Ecosystem Dynamics Research
The Ecosystem Dynamics research component focuses on the response
of terrestrial and aquatic ecosystems (forest, range, and wildland;
wetlands, lakes, and rivers) to global change. The objective of
this research is to understand and anticipate the ecosystem changes
that will result from altered environmental conditions and to understand
the sensitivity of key ecosystem processes and components to different
levels of stress. Ecosystems Dynamics research employs a variety
of techniques and methodologies that are dependent on the scale
of inquiry. So, it has been divided into three sub-elements according
Basic Plant Processes -- To understand basic plant processes, chamber
experiments are conducted to determine plant responses to altered
physical environments -- enhanced CO2, O3, and acidic deposition;
changes in temperature and moisture availability; and increased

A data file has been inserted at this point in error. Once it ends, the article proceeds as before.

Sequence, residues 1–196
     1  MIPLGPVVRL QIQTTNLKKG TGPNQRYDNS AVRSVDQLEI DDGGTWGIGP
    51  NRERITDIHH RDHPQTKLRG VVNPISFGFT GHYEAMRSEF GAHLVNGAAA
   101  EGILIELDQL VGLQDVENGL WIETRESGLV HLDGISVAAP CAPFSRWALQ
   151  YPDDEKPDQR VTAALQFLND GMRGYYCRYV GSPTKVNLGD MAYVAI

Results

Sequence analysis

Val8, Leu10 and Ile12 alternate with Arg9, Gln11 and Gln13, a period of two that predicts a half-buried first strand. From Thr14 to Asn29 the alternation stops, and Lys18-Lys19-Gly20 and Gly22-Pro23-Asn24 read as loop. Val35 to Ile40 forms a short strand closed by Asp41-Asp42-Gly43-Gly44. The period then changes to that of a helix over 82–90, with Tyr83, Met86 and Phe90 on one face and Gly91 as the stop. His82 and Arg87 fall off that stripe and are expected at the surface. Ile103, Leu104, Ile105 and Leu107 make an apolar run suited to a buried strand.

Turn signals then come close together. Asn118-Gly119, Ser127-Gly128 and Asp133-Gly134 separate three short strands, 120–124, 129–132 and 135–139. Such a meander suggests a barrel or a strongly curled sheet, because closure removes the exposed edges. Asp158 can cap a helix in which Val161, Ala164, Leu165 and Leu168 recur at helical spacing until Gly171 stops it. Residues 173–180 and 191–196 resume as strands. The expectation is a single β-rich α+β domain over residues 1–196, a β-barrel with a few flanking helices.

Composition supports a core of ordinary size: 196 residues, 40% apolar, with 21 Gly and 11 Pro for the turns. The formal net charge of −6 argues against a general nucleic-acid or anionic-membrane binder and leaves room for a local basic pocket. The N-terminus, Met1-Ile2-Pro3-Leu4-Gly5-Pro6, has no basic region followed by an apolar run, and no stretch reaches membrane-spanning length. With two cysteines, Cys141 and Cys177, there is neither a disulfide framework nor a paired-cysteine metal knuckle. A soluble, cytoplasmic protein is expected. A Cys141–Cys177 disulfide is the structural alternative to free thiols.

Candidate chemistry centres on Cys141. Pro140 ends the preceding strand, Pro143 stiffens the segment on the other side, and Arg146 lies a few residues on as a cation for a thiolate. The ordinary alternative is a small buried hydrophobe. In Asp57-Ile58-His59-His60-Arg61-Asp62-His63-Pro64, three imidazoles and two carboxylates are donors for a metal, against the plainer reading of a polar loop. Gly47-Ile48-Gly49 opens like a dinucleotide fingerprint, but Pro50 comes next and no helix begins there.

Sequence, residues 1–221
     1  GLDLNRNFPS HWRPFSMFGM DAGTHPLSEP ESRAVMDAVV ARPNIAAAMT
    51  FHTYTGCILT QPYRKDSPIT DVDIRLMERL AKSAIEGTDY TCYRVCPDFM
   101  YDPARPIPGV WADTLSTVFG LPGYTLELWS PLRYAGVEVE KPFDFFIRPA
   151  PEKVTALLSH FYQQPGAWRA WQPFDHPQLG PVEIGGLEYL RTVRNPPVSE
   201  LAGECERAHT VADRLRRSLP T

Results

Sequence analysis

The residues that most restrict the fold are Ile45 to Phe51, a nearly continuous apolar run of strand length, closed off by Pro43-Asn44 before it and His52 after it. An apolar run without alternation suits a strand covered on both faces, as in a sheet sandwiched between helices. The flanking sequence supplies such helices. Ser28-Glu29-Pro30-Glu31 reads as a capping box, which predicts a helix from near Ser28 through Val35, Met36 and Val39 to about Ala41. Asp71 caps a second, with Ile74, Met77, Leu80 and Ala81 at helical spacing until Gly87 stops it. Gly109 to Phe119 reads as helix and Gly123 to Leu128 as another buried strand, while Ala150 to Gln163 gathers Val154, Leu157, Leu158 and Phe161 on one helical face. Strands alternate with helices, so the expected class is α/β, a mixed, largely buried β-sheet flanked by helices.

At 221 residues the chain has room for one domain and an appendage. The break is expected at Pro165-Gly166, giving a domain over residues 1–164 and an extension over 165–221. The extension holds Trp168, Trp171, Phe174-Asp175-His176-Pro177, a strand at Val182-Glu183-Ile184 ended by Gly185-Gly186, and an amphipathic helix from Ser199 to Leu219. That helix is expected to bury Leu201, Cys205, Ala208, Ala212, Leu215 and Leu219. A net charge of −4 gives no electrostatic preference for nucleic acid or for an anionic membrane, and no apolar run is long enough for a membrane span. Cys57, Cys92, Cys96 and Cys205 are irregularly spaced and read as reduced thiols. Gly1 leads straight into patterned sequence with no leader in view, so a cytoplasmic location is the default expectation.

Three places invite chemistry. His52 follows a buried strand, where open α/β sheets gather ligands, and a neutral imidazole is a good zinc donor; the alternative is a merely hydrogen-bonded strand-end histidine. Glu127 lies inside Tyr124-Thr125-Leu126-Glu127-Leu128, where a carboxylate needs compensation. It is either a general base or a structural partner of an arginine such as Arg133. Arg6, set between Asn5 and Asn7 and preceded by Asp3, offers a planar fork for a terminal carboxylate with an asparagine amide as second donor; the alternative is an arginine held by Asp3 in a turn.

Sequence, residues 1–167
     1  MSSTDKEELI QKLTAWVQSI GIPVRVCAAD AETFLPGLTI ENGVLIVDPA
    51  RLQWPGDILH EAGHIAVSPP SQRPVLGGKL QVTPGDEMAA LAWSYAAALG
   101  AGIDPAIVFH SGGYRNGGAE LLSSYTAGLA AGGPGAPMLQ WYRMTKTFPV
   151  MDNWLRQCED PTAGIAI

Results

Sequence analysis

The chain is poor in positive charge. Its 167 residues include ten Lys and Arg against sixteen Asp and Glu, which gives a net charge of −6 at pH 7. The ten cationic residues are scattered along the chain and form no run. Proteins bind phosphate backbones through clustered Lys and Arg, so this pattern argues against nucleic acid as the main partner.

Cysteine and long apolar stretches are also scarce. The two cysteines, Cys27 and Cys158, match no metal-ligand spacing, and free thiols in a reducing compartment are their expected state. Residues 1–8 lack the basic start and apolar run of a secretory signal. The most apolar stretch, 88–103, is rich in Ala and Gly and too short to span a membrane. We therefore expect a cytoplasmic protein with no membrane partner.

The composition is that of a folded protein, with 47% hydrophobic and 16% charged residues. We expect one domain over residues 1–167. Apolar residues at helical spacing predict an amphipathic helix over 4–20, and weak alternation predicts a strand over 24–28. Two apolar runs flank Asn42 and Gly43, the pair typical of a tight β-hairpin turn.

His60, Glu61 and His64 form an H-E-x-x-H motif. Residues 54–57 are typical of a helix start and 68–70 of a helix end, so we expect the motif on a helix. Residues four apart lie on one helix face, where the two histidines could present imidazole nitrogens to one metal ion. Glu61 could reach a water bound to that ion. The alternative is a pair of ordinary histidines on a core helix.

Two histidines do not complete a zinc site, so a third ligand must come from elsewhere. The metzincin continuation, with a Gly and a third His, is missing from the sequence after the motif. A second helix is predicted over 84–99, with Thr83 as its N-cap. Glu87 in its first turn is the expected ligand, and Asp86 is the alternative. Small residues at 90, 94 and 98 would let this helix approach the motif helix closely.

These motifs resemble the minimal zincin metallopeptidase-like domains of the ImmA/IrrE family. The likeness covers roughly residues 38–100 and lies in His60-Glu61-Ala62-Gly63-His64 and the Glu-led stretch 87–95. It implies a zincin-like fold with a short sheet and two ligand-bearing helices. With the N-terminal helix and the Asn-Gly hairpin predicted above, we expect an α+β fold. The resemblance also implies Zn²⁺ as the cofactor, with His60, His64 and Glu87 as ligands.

insect stress. Controlled experiments provide data on genetic resilience
to stress and adaptability of individual plants to changing environments.
Ecosystem Processes -- To understand ecosystem processes, long-term
investigations of hydrology, soils, and forest communities are conducted
in experimental forests and watersheds maintained by the Forest
Service and cooperators. Additional extensive observations are made
along environmental gradients and across ecotones. Paleoecology
is used as an historical base for forest health and productivity.
Sensitivity of the mechanisms of nutrient cycling by microbes and
small soil animals to global change is also studied.
Regional Impacts -- At the regional scale, ecosystem models and
resource production models are used to synthesize and extrapolate
the results of experimental and observational research. Such models
help us understand and predict how ecosystem productivity and vegetation
distribution may respond to global change.